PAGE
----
3 Things You’re Doing That Are Making it Harder for You to Lose Weight after WLS


Hey Babe! By NOT doing these 3 things you’re probably making it SO much more challenging to not only hit your weight loss goals but stick to them. 

Right after surgery, everyone’s like, “Eat tiny meals, load up on protein, stay hydrated.” 

And yes, that’s super important, especially in the beginning. But what about the long haul? What happens when you’re constantly stressing about what’s on your plate, glued to that darn scale, and feeling like you’re not making progress despite busting your butt?

I get it, I really do. I see the effort you’re putting in, and I know how badly you want to reach those goals. But here’s the thing – it’s not just about following your diet to a T post-surgery.

What if I told you that even when you’re doing everything “right,” you might be missing some big pieces of the puzzle? It’s not your fault; nobody really teaches this stuff, and even if they do, you’re often left hanging without proper support.

Eating after surgery, especially when your restriction becomes less and less, can feel very overwhelming. Like, what should you eat? How much should you eat? Can you have snacks? So many great questions! Check out these other blog posts to help:

I hear time and time again that so many women in the WLS community feel like they have no support after surgery. Like they are just left to figure it out for themselves. That is why I made The T.R.I.B.E. Membership in the first place. No one should feel that way. Let’s change that, shall we?! Check out all that the T.R.I.B.E. has to offer HERE.

Let’s break it down. Here are three big things that could be tripping you up:

1. Ignoring your mindset: We had surgery on our stomachs, not our brains! Seriously, this is a massive piece of the puzzle.

2. Getting too hung up on numbers: Tracking can be awesome for some folks, but it can mess with your head when you hit that calorie limit for the day or see the scale jump around. You’ve got to find tools that keep you on track without getting obsessed with numbers.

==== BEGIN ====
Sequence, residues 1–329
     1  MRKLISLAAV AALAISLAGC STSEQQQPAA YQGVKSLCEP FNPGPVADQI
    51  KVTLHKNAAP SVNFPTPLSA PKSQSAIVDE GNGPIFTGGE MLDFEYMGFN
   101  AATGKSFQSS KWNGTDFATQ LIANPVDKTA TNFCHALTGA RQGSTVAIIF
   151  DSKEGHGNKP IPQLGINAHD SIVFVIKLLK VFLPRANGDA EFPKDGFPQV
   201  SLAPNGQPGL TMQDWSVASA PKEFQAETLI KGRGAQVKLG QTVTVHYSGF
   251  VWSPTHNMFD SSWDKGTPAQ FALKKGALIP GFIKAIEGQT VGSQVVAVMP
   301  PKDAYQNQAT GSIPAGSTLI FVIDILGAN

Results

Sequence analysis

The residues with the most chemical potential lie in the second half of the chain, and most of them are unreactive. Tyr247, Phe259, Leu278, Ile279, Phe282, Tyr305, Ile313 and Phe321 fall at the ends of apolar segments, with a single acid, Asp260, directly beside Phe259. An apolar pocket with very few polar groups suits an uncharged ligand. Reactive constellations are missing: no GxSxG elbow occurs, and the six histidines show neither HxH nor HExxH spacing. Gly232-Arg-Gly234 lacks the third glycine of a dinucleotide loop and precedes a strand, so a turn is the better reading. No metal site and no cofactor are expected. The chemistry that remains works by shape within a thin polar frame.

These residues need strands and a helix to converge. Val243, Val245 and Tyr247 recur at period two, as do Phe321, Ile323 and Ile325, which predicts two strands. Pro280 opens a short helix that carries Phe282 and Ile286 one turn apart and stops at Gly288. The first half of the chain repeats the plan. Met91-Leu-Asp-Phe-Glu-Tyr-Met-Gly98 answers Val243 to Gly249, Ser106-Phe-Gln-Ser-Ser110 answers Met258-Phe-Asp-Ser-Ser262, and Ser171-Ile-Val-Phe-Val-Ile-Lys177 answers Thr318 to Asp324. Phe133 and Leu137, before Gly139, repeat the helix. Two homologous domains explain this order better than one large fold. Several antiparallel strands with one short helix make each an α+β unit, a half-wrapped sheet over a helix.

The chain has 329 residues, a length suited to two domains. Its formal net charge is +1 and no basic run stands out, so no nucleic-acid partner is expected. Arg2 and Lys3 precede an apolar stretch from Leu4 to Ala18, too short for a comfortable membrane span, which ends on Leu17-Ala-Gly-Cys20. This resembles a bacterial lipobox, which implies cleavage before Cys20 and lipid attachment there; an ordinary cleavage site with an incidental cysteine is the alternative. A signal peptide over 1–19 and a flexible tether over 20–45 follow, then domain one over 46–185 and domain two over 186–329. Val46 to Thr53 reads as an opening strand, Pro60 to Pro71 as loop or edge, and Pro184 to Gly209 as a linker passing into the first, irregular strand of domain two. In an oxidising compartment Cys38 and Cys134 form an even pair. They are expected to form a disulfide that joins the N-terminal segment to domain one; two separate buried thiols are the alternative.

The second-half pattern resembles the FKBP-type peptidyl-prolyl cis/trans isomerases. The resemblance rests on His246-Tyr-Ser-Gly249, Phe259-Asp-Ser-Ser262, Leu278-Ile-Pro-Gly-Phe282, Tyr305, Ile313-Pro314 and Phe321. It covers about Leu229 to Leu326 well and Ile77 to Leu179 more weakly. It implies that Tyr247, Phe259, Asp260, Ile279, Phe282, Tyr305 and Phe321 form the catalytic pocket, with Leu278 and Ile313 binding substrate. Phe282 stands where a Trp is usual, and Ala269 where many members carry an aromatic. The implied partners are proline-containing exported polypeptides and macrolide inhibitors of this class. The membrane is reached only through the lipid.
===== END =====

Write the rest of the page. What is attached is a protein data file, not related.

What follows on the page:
3. Going it alone without accountability and support: You can have the most “perfect” diet and bariatric routine, but if you don’t believe in yourself, and you’re constantly comparing yourself to others and self-sabotaging, you’re making it way harder than it needs to be.

Let me tell you about Adrienne.

She came to me three years post-op, dealing with weight regain and all sorts of health concerns. She was seriously stressed and had no clue what to do next. She’d put in so much effort, but she was feeling like she was falling short, with 35 pounds creeping back.

But we got to work. We tackled these issues head-on. We nailed my Bariatric Breakthrough® meal plate method that I teach in all of my programs, stopped the regain, worked on her mindset, and got her plugged into support groups. That’s what she needed to celebrate her wins, stop comparing herself, and keep pushing forward.

She said that this was her biggest win “ “I have stopped comparing myself and have learned to be mindful of my needs. Because of working with Jamie, I now also work with a therapist and a trainer. I’ve learned to take care of myself. Joining her program has truly been the BEST INVESTMENT that I have ever done for ME!”

Adrienne is no longer struggling with regain, has learned to prioritize her nutrition to feel her best, has gotten out of the all-or-nothing mentality, and is healthier than ever now that she knows how to eat according to her goals. All without tracking a damn thing AND eating carbs.

Thats a Wrap

If you’re ready to have support, and accountability with a community of bariatric peeps who get it, check out The T.R.I.B.E. Membership. You’ll no longer feel lost in the weeds or overwhelmed because you’ll have the information you need when you need it. As a T.R.I.B.E. member, you’ll have exclusive access to live group sessions at a time that suits your busy schedule.

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Remember: this post is for informational purposes only and may not be the best fit for you and your personal situation. It shall not be construed as legal, financial, or medical advice. The information and education provided here is not intended or implied to supplement or replace professional advice of your own attorney, accountant, physician, or financial advisor. Always check with your own physician, attorney, financial advisor, accountant, or other business or medical professional before trying or implementing any information read here.